Figure 4: Changes of plant and microbial properties with increasing AI.
figure4

Above-ground net primary production (ANPP) was correlated positively with aridity index (AI; a). Relationships below and above the threshold AI=0.32 were different for the standardized signal intensity based on array probes (c), standardized signal intensity in terms of both array probes and DNA concentrations in a gram of soil (b) and metabolic quotient qCO2 (d).

Structural equation model (SEM) showed that AI was the most significant factor influencing ecosystem δ15N among AI, soil N, soil clay content, soil pH, soil C/N, ANPP, denitrification gene abundance and N deposition rate (Supplementary Fig. 4).

Discussion

The opposite relationship between soil δ15N and AI for below and above AI=0.32 suggests that the controlling factors and mechanisms of N-cycling were different in areas below and above this threshold. Considering soil as a well-mixed ‘black box’, soil δ15N is only determined by input and output pathways of 15N to and from soils16. Seven processes affecting soil δ15N include (Supplementary Fig. 5): (1) N deposition; (2) N2 fixation; (3) nitrification and denitrification by microbes which produce gaseous products; (4) NH3 volatilization; (5) abiotic gaseous N losses; (6) N leaching losses; and (7) net plant N accumulation (plant N uptake minus plant litter N return). δ15N of N input by deposition and fixation (processes 1 and 2) is close to zero and is generally lower than soil δ15N (ref. 17). Therefore, the input processes would reduce soil δ15N and if there were no N losses from the soil, soil δ15N would be close to δ15N of N input (≈0‰). However, the range of our soil δ15N was 2–7‰, which means output processes leaving more 15N in the soil enriched soil 15N compared with the inputs.

The output processes, including gaseous N losses (process 3, 4 and 5), leaching (process 6) and net plant N accumulation (process 7), have different isotope enrichment factors (Supplementary Fig. 5). Gaseous N losses are mainly composed of NH3 from volatilization and NO, N2O and N2 from nitrification and denitrification, which have the highest isotopic fractionation factor (εG≈16–30‰)11,18. The isotopic fractionation effect of N leaching losses is the lowest (εL≈1‰)18,19, while that of net plant N accumulation is in the middle (εp≈5–10‰)11,20. Hence, soil δ15N is determined by the balance of these input and output processes and their enrichment factors. After Brenner et al.16 and Bai and Houlton21, a model can be used to estimate soil δ15N:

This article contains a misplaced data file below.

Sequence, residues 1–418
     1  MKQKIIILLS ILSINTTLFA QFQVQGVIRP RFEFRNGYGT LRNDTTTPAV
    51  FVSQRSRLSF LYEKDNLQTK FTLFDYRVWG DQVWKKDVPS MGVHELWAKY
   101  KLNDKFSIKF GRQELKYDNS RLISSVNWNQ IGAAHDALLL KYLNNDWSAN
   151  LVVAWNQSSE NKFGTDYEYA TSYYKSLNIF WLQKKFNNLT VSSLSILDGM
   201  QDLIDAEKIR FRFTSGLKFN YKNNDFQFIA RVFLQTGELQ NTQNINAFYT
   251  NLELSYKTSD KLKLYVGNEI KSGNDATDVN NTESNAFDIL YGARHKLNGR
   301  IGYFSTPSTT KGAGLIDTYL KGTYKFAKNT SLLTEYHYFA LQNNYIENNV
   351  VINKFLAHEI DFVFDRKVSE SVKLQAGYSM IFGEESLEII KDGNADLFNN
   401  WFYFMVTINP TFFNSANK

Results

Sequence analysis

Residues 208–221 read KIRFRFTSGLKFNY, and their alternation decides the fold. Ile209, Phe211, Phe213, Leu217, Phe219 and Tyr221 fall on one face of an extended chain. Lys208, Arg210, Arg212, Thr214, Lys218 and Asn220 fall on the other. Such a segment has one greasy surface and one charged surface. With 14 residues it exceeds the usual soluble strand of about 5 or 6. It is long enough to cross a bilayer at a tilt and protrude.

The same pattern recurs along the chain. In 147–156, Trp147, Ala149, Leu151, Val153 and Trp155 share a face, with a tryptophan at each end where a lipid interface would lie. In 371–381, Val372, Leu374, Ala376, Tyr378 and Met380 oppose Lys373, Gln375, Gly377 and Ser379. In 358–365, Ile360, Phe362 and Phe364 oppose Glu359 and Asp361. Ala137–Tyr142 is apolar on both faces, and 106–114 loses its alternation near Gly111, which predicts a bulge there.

where δ15Nsoil and δ15Ninput are soil and input δ15N, respectively; fgas, fleaching and fplant are the fraction of gaseous N losses, N leaching losses and net plant N accumulation out of total losses (%), respectively. Therefore, we get:

In extremely dry areas (that is, AI<0.32), N leaching losses are negligible and only gaseous N losses and net plant N accumulation contribute to N losses (fgas+fplant=1). We can get:

Because εG>εp, δ15Nsoil is positively correlated with fgas. Therefore, the positive correlation between AI and soil δ15N observed in areas with AI<0.32 may be mainly due to increase of fgas. Changes of δ15Ninput, εG and εp may also be the potential reasons, however, their variations are within a certain range so that they alone may not be enough to cause such a significant change and correlation17,22. In fact, we observed higher abundance of nitrification and denitrification genes with increasing AI (Fig. 4b,c), which can be considered as an indicator of soil nitrification and denitrification rates23,24,25, and therefore, gaseous N losses. This result is actually consistent with previous modelled effects of rainfall on rates of N-cycling microbial activities26. On the other hand, plant N uptake usually increases with rainfall due to the stimulation of higher water availability27,28. We observed increased ANPP with increasing AI, pointing to potentially higher net plant N accumulation (Fig. 4a). To have a higher fgas with the increase of AI, the increase of gaseous losses (NH3, NOx, N2O and N2) must be higher than the increase of net plant N accumulation.